Confirmation of the reduced photocatalytic requirements for conducting O-RQP opens opportunities to expand the scope of PCs suitable for PET-RAFT. However, the production of reactive oxygen species (ROS), in the form of both 1O2 and O2•−, throughout the entire polymerisation process means that dyes susceptible to ROS-induced degradation may be unsuitable for this approach. Taking this limitation into consideration, we turned our attention to phthalocyanines. Phthalocyanines, as structural cousins to porphyrins, offer significantly easier preparative routes, making them the superior economical choice for industrial implementation52,53,54. Additionally, these species offer Q-bands that extend into the far-red to NIR regions with facile modification routes to facilitate further red-shifting; the application of phthalocyanines to PET-RAFT could greatly expand the range of serviceable wavelengths23,55,56,57. However, asides from utilisation in photodynamic therapy, the photocatalytic capabilities of phthalocyanines have been limited. The discovery of O-RQP presents more promise in that activation of the CTA is governed by the interaction of O2•− with the RAFT agent; the role of the phthalocyanine is simply to produce 1O2 (refs. 55,58,59).

Table 1 Thermodynamic viabilities of PCs with respect to the critical steps in OQP and RQP.

Starting with the azaporphyrin zinc (II) 2,7,12,17-tetra-tert-butyl-5,1-,15,20-tetraaa-porphine (ZnTtBAzP), which possesses structural similarities with phthalocyanines but with unsaturated β-pyrrole positions, we sought PCs with increasingly red-shifted Q-bands. To this end, zinc (II) 2,9,16,23-tetra-tert-butyl-phthalocyanine (ZnTtBPC), zinc (II) 1,4,8,11,15,18,22,25-octabutoxy-phthalocyanine (ZnOBOPC) and zinc (II) 2,11,20,29-tetra-tert-butyl-2,3-napthalocyanine (ZnTtBNPC) were selected for their application in O-RQP PET-RAFT. For spectral details see Supplementary Note 5. Experimental screening (0% monomer conversion in 2 h) showed that these PCs were inert for both the OQP and RQP as expected. Thermodynamic studies (Table 1) further highlighted their difficulties with regard to the respective pathways. Interestingly, with all four dyes were calculated to be inert for RQP; ZnTtBAzP and ZnTtBPC were ineffective for RQP-II whereas ZnOBOPC was ineffective for RQP-I and ZnTtBNPC ineffective for both steps. More detailed discussions are presented in Supplementary Note 6.

Despite their inability to facilitate the OQP or RQP PET-RAFT polymerisations, these selected examples were highly effective in promoting the O-RQP process under irradiation wavelengths ranging from 590 to 780 nm (Fig. 5). In line with the results obtained for ZnTSP, the polymerisations performed using these dyes exhibited living controlled characteristics, such as a linear first-order plot, wherein the interruption to the irradiation caused negligible impact on the recovery of the polymerisation rate upon resumption. Additionally, molecular weights increased linearly with increasing conversion and were concomitant with narrowing of the MWDs (Supplementary Figs. 11–15). End-group retention was confirmed by chain extensions, which resulted in complete shift of the MWDs towards higher molecular weights (Supplementary Figs. 28–32).

Fig. 5: Kinetic studies of PCs via O-RQP.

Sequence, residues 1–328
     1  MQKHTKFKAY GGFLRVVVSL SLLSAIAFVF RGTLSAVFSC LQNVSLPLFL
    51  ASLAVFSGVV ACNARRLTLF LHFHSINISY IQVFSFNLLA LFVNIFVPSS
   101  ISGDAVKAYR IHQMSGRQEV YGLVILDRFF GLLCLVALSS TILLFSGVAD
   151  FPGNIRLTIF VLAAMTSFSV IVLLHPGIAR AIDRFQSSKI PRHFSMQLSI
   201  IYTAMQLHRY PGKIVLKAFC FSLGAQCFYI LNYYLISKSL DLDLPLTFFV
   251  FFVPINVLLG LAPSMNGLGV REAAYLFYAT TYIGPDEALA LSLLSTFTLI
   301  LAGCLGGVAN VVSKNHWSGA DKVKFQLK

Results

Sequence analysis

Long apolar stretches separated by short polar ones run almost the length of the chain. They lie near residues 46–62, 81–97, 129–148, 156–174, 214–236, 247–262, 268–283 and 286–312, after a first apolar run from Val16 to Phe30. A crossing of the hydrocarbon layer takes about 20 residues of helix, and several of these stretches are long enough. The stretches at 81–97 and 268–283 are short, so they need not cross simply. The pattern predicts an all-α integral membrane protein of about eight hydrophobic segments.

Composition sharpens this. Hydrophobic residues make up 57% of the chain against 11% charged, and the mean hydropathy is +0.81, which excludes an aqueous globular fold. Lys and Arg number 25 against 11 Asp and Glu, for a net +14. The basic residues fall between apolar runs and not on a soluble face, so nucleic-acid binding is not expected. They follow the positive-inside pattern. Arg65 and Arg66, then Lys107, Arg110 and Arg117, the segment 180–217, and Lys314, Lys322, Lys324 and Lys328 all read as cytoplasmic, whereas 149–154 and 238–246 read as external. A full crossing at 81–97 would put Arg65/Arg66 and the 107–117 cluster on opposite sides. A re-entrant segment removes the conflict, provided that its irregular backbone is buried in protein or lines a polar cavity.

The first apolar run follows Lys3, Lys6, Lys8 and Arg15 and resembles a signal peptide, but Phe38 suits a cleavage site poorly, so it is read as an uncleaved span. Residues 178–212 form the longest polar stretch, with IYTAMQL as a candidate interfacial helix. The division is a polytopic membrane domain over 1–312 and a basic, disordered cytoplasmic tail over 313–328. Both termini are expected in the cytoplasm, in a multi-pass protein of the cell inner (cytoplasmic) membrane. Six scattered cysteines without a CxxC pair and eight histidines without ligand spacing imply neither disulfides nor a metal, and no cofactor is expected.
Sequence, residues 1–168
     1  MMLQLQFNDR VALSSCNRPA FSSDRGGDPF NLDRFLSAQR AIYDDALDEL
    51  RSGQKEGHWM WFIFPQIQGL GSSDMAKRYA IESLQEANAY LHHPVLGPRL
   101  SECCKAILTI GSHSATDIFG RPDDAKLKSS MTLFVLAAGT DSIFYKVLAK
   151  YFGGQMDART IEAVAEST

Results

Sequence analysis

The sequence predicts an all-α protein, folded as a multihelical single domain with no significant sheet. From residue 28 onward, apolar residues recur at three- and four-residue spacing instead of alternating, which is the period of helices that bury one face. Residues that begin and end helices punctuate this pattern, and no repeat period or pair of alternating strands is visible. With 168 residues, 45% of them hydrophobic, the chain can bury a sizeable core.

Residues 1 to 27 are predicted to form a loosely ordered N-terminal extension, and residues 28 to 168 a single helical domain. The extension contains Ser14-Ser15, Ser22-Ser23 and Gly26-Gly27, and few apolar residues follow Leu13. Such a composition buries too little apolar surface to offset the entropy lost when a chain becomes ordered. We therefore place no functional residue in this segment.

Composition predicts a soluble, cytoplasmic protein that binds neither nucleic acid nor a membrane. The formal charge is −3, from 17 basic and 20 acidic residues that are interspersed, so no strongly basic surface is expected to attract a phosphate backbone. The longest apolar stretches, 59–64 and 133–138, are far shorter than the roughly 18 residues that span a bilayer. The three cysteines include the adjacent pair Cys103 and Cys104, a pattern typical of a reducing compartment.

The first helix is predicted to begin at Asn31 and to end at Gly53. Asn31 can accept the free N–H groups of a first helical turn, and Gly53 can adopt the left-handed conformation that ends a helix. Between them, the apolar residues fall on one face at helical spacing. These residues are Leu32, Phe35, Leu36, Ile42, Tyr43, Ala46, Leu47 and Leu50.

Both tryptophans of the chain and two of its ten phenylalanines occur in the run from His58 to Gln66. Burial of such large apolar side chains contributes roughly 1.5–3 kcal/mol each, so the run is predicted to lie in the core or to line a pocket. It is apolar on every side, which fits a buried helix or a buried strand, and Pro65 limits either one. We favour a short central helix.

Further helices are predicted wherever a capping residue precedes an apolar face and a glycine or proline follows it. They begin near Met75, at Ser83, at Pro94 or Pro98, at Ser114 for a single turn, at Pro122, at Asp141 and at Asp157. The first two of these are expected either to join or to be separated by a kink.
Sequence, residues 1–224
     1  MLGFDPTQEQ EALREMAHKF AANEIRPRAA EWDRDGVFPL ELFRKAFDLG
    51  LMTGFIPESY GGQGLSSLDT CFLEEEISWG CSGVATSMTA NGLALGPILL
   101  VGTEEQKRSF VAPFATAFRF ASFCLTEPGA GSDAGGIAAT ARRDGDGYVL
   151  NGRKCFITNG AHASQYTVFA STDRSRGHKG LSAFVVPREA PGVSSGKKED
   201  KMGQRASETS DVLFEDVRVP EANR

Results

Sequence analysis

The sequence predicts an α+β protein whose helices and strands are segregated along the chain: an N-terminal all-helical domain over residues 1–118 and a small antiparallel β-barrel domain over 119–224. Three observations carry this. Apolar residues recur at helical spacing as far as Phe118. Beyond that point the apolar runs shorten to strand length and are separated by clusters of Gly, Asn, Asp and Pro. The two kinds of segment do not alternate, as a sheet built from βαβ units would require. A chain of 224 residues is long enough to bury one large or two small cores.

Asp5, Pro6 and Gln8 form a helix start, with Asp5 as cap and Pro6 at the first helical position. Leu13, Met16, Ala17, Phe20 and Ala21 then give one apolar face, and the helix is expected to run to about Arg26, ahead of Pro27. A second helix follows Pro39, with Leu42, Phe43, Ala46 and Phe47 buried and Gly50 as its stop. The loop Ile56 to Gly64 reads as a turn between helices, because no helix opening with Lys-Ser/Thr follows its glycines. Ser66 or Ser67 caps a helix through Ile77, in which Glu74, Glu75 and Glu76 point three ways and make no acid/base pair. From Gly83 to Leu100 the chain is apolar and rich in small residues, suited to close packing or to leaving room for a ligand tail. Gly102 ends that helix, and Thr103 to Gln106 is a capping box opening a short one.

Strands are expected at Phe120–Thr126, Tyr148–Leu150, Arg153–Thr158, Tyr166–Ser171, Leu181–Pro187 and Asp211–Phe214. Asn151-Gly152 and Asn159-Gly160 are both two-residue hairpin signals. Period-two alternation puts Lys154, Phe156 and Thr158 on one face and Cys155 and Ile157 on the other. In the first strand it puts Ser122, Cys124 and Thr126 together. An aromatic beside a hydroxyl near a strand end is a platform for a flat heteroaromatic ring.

figure 5

a–d Molecular structure of ZnTtBAzP (a), ZnTtBPC (b), ZnOBOPC (c) and ZnTtBNPC (d). e–h Plot of ln([M]0/[M]t) versus time revealing kpapp and temporal control for model PET-RAFT polymerisation via O-RQP catalysed by ZnTtBAzP (e), ZnTtBPC (f), ZnOBOPC (g) and ZnTtBNPC (h), respectively. i–l Mn (solid square) and Mw/Mn (hollow circle) versus monomer conversion analysed by gel permeation chromatography from aliquots taken at different time intervals during model PET-RAFT polymerisation via O-RQP catalysed by ZnTtBAzP (i), ZnTtBPC (j), ZnOBOPC (k) and ZnTtBNPC (l), respectively. Associated molecular weight distributions were provided as Supplementary Figs. 11–15. kpapp: apparent propagation rate of polymerisation, the number of which is denoted aside the corresponding polymerisation slope with the same colour. Average molecular weights Mn were denoted aside the corresponding points in il with the same colours.

Overall, through an approach combining experimental studies and computational investigation, the mechanism of an oxygen-mediated reductive quenching catalytic pathway (O-RQP) was presented, which eliminates sufficient O2 to the point where radical polymerisation proceeds unencumbered while the remaining catalytic amounts of O2 serve as a co-catalyst to provide facile polymerisation. Critically, (TD-)DFT calculations provided guidelines highlighting the thermodynamic favourability of a PC for a given catalytic pathway. Among these, O-RQP only necessitates the PC to be capable of generating singlet oxygen (1O2). To demonstrate the lowered requirements for O-RQP, we investigated four phthalocyanine derivatives, which have seen limited use in a photocatalytic context, in their ability to catalyse PET-RAFT polymerisation. While their implementation in OQP and RQP modes failed to yield any polymers, they were highly successful within the O-RQP framework. Exploiting the extended Q-bands of these phthalocyanines, well-controlled polymerisations exhibiting excellent livingness were performed in the presence of oxygen. The existence of the O-RQP mechanism provides an accessible avenue to increasing the scope of PCs that can enable better usage of a wider electromagnetic spectrum, especially long wavelengths in the NIR range.


General procedures for computation

Geometry optimisations for PCs (and other species) were performed at the B3LYP-GD3BJ/6-311G* level of theory (pseudopotential basis set LanL2TZ for zinc; SMD-DMSO solvation model), with the Gaussian09 D01 software package60 installed in the Katana high-performance computing clusters at the University of New South Wales. The T1 states were calculated by UDFT. Single-point energy calculations were further performed at the B3LYP-GD3BJ/6-311+G** level of theory for both ground states and T1 states (UDFT). More details see Supplementary Note 13.

General procedures for thermodynamic studies

To evaluate the thermodynamics of each electron transfer catalytic process, the Gibbs free energy change (ΔG) was calculated as ΔG = G(P1) + G(P2) − G(R1) – G(R2), where G(P1) and G(P2) represent the Gibbs free energies (G) of products while G(R1) and G(R2) represent those of reactants. G of each species was taken as the electronic energy as common practice, since this is sufficiently accurate for thermodynamic studies of electron transfer events.